Acquired women rights are at risk of being reversed

In places such as Ohio, Texas and Alabama in the US they placed abortion care on hold under the guise of “non-essential interventions”. The crisis is, as it were, used in these places to implement a "conservative" agenda and to deprive the woman of her right to decide about her own body. The consequences of delaying or canceling this care cannot be reversed. Not only will more unwanted children be born, some of the abortions will now also take place in the illegal circuit, in unsafe conditions.

Time to do it differently! Yes we can!

So let us tackle this crisis instead of making the same mistakes over and over. It would be a good thing if we looked back in a few years and feel that a lot of good has happened during this period and that we have not missed the opportunities. Or as is often said, never waste a good crisis. This is the perfect time to take a leap forward, also in the field of gender equality.

It is not the time for policymakers to reverse acquired women's rights. It is the time to ensure that rights continue to be respected. It is also the time to define behaviors not only in how to curb the virus but also in how we expect both men and women to behave towards each other. Stress, tension and the lock-down may be an explanation, but they are by no means a valid excuse to justify partner violence. Advertising the help lines helps, but being a little more directive about the desired behavior tackles the problem at the root rather than having to work towards a cure. We do the same with the virus.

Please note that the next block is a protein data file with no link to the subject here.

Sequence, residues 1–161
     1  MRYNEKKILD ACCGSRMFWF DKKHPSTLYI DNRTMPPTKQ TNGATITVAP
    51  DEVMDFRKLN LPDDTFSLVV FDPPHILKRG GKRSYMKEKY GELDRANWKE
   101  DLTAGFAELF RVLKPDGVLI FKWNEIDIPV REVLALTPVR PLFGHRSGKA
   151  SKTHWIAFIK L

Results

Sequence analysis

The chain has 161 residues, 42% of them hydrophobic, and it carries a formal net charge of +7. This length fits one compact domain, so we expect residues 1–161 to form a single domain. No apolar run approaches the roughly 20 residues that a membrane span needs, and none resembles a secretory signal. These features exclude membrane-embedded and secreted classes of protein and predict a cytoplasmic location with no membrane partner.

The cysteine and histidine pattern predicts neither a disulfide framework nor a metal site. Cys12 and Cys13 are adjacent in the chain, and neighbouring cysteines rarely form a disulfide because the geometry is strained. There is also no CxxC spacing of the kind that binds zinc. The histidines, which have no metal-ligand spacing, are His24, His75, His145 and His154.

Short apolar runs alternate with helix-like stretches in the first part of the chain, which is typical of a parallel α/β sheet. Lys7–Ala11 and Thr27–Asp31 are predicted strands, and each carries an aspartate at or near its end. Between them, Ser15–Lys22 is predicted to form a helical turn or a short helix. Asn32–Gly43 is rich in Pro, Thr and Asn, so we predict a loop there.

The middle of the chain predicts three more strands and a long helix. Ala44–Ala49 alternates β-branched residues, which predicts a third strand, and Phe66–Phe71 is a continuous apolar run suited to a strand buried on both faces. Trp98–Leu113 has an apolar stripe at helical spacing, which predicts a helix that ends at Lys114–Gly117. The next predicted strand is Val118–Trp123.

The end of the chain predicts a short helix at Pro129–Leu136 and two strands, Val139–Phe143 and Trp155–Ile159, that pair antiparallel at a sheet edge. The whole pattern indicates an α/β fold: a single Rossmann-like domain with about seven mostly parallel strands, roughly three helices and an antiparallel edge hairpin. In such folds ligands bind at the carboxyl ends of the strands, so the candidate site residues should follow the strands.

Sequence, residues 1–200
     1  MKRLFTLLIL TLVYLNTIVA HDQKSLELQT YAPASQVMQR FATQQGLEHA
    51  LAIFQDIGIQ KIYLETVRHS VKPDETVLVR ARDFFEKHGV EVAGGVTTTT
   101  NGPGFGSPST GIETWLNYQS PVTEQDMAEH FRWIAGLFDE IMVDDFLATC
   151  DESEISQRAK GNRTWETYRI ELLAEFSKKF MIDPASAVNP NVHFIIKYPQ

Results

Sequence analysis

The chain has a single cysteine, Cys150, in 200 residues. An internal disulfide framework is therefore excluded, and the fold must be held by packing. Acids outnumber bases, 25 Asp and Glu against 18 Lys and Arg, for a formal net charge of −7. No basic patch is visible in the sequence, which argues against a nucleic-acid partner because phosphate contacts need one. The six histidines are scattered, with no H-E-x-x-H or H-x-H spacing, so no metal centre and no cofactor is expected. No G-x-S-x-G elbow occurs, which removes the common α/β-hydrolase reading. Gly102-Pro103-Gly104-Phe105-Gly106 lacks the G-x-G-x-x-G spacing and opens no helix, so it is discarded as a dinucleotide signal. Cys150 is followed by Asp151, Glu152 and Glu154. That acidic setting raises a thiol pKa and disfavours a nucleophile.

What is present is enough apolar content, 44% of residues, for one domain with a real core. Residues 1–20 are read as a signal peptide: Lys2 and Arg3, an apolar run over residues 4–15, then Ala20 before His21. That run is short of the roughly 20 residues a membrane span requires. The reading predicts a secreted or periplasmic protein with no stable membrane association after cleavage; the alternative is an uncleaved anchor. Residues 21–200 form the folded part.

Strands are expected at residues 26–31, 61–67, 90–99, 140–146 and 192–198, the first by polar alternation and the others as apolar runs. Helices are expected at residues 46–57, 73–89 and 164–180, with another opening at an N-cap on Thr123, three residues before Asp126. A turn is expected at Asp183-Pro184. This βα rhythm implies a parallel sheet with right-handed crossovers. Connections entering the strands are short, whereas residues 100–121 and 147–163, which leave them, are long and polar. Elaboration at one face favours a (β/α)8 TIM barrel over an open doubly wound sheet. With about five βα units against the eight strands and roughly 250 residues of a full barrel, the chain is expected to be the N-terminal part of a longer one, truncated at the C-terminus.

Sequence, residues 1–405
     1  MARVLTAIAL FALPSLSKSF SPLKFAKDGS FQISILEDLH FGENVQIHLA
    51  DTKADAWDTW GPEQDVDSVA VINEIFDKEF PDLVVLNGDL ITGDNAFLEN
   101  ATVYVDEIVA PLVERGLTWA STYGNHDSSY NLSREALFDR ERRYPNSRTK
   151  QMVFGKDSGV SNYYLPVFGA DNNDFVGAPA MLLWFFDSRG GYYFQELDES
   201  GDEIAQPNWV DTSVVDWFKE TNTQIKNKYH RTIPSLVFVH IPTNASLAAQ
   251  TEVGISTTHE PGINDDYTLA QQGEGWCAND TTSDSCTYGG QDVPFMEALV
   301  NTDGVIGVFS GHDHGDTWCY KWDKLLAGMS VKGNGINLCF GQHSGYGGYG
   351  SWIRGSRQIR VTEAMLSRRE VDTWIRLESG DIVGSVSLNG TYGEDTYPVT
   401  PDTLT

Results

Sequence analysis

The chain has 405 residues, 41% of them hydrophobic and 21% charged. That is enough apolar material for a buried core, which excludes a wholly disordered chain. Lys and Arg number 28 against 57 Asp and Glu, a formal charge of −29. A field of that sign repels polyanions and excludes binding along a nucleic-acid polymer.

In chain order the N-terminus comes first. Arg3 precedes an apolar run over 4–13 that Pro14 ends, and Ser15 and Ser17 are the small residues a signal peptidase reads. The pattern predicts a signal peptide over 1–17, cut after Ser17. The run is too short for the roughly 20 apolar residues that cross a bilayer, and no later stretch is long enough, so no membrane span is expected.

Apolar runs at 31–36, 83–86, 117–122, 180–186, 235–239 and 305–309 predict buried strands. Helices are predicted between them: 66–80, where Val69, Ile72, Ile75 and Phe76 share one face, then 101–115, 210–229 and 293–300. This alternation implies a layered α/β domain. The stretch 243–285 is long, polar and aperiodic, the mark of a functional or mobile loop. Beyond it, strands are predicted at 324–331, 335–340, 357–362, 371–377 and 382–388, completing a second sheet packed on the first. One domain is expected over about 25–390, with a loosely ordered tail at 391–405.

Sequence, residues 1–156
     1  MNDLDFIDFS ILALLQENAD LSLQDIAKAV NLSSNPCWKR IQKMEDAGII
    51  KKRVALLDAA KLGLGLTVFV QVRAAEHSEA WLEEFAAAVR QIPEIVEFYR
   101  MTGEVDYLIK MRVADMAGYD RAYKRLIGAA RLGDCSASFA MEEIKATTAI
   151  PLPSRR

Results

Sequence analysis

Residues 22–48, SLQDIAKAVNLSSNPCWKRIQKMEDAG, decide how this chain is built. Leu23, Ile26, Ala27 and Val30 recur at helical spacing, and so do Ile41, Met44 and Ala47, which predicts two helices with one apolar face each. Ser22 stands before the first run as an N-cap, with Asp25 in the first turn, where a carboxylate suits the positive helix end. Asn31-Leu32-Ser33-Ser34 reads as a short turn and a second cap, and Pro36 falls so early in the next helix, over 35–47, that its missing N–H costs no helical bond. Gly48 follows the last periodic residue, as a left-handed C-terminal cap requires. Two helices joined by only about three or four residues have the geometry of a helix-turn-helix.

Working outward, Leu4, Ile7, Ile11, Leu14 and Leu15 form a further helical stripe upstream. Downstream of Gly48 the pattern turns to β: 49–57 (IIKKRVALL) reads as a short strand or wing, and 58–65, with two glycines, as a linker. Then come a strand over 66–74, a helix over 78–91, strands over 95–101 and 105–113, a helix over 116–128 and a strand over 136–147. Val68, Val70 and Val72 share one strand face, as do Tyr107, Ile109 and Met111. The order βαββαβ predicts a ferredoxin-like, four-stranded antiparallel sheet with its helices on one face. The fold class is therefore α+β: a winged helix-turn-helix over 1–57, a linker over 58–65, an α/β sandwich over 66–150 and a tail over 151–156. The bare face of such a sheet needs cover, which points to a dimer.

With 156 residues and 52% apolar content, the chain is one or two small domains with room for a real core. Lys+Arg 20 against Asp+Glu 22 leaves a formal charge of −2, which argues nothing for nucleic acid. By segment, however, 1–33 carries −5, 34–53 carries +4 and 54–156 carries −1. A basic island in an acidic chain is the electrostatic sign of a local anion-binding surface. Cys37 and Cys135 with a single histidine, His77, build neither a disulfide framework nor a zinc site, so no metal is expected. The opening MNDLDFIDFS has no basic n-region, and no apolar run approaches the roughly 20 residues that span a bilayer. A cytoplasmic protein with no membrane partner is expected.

Now is the time for companies to familiarize themselves with a flexible operating company. Where until a month ago it was too much the norm to justify why you wanted to work flexibly, flex roles should be the standard in the future. A change in mindset around flexibility is important to pave the way for equal opportunities for partners who both want to pursue a career. It can also help companies manage their workforce and cost structure in a flexible manner. So a win win

It is an excellent opportunity for educators to give the right messages to their children. Show that men as well as women can combine homework with care. Do each your part. Teach your sons, just like your daughters, that nursing is not a woman's job but a hero's job, accessible and equal for everyone. Finally, set a good example for all. Respect each other, also at home. If we each change our behavior in favor of gender equality, others can follow. Even in times of crisis we have the perfect opportunity to remove the double (uneven) standard around boys and girls, men and women. It is without a doubt within our reach. Let's positively rewrite the norm around gender (in) equality!

Gender equality is not just a matter of time. It is hard work, also - and especially - during a crisis.

{{ popup_title }}

{{ popup_close_text }}